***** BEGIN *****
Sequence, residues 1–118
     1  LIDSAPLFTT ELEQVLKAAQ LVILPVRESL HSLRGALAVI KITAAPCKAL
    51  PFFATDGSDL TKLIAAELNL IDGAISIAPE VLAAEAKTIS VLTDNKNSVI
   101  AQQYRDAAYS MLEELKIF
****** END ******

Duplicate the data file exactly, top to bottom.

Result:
Sequence, residues 1–118
     1  LIDSAPLFTT ELEQVLKAAQ LVILPVRESL HSLRGALAVI KITAAPCKAL
    51  PFFATDGSDL TKLIAAELNL IDGAISIAPE VLAAEAKTIS VLTDNKNSVI
   101  AQQYRDAAYS MLEELKIF